It cannot be emphasized too much that the risks of loss of benefits by delay in analyzing and dividing employee benefits are both substantial and, for the most part, avoidable. The event which, in California, fixes the right of the nonparticipant spouse to a share of the benefit is the date of separation. It is an exceptional case where this date is not established by the filing of the petition for dissolution. After this date, the following events can result in the loss of some or all of the non-participant spouse’s rights if the order dividing benefits has not already been entered: death of the employee spouse, death of the nonparticipant spouse, bifurcated status termination, liquidation, merger or bankruptcy of the employer, retirement of the employee spouse, modification of employee benefit plans by the employer, and others. It is therefore very important for issues affecting employee benefits to be taken up early on, if not first thing, in the process of property analysis.
The first line of defense is notice to the administrator of any benefit plan of the claim of the non-participant spouse. Because of this, a prudent attorney will consider service of the family law form interrogatories with interrogatory number 14 checked, as soon as possible after the action is commenced (see CCP §2030.020). The advisability of using a formal procedure for this purpose is commensurate with the financial risk the attorney will face in a malpractice action if something goes awry. The advantage of using formal discovery over the procedure provided in Family Code §2062(c) is that the discovery statutes provide for sanctions, including staying the action until the discovery is provided, thus protecting the non-participant spouse from the consequences of a bifurcated status termination. In contrast, while Family Code §2337(c)(5) appears to be protective of such consequences, that protection only exists until the entry of final judgment on all other issues, and may have no efficacy at all if the effect of the bifurcation is to adversely effect the claims of the non-participant to be classed as surviving spouse under the terms of a deferred compensation plan. Also, what protection there is from that statute depends on the financial resources of the non-participant spouse, which may or may not exist. Notice may take the form of a letter “Notice of Adverse Interest” or joinder of the plan. In the case of governmental plans, joinder is the only effective option. This is true of CalPERS, CalSTRS, the UC Retirement System, municipal retirement plans, for example the Contra Costa County Employees’ Retirement Association, and others. Interestingly, it is true of ERISA qualified plans of churches as well, and of non-qualified plans. A notice of adverse interest letter is all that is required for ERISA covered plans.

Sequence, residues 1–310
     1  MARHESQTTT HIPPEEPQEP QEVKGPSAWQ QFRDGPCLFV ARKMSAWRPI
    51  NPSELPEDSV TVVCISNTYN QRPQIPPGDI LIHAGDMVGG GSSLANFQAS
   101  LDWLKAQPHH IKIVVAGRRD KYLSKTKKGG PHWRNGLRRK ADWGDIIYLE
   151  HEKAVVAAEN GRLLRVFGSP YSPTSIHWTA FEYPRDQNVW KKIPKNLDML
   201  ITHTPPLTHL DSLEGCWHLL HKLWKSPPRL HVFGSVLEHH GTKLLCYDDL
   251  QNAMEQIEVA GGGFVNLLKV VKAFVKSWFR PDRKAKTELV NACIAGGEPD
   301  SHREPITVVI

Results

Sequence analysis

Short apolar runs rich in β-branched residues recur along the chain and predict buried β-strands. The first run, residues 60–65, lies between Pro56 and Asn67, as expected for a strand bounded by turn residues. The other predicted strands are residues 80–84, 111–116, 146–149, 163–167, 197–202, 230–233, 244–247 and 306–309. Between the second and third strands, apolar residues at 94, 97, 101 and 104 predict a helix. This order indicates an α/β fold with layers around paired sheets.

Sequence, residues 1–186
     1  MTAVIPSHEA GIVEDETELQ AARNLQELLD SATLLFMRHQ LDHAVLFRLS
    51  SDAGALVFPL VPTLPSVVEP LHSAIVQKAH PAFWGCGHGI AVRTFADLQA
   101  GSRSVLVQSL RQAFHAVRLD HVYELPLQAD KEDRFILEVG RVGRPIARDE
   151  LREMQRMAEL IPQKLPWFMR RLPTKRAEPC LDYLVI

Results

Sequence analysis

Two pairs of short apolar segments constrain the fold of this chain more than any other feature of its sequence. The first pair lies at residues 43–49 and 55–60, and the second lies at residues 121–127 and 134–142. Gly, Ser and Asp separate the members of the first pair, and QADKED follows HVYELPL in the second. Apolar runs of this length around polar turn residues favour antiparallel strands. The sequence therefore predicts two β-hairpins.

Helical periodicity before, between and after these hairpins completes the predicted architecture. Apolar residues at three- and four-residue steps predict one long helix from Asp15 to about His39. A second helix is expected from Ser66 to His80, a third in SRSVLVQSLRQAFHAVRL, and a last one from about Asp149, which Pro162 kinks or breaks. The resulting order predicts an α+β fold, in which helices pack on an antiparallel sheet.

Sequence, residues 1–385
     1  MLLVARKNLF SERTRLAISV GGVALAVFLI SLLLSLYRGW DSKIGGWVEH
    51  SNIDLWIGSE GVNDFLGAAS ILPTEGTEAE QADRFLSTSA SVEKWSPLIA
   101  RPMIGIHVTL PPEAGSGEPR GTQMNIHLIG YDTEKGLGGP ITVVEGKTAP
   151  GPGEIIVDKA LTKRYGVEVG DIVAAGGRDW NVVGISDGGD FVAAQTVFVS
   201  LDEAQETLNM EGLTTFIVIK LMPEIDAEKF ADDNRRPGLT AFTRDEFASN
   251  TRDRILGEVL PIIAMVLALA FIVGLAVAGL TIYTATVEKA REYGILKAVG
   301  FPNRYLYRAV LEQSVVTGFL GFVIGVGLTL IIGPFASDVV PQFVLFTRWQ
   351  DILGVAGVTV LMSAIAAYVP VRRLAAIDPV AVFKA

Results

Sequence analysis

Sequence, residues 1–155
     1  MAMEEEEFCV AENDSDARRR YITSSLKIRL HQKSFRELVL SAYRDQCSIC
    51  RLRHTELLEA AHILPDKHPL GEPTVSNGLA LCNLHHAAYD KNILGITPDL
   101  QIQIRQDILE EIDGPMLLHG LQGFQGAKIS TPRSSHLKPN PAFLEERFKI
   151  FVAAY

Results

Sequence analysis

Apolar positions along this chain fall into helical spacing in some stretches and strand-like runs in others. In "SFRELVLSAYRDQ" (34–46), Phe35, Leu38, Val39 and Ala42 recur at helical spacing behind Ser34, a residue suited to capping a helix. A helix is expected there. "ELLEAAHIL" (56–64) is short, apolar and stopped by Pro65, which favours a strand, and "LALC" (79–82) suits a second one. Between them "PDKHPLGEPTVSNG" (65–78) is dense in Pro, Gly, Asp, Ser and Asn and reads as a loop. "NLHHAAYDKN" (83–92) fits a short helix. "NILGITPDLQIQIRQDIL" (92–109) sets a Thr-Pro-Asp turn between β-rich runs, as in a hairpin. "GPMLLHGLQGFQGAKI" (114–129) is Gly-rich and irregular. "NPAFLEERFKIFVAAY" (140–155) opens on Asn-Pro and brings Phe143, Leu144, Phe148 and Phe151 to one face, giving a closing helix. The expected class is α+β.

One should not then rest on his or her laurels after giving notice. One should proceed to orders dividing the plan interests, even while collecting other property information and dealing with temporary orders. With ERISA covered plans, the instrument provided by the Retirement Equity Act of 1984 is the Qualified Domestic Relations Order (QDRO; 29 USC 1056). Non-ERISA plans often refer to allocation orders as “Domestic Relations Orders”, or “DROs”.
Often, upon request, form QDROs and DROs will be available from a plan administrator. These should not be relied upon to cover everything that needs to be covered. One should obtain the summary description of each plan (Summary Plan Document, or SPD) and also should pay attention to the provisions of Family Code §2610.
There are two general types of plans, and two situations to be considered for each type. The types are “defined benefit” and “defined contribution” (the latter often call 401k plans after the Internal Revenue Code provision which defines their tax treatment, but may also be plans covered by other IRC sections). The situation which complicates the drafting of orders dividing plans is whether or not there was any premarital credited service or contribution to a plan.
Defined benefit plans specify a formula for determining what the employee will receive upon retirement, but do not specify the amount nor do they maintain segregated accounts for each employee.
Defined contribution plans maintain separate accounts for each employee, and at any moment in time the amount of the employee’s benefit is whatever is on deposit in the account. The contribution may be from the employee’s income, or the employer’s profits or some combination of the two. Neither party ever owes anything other than that year’s contribution to the plan (unless the plan permits loans to the participant) and the employer and participant can control the extent of their respective contributions for any period.